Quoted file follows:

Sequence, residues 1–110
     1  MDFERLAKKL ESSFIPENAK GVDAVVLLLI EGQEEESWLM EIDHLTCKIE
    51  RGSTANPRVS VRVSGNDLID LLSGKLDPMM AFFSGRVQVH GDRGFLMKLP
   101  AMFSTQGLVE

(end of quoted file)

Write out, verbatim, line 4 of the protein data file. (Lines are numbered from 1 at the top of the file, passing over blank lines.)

   101  AMFSTQGLVE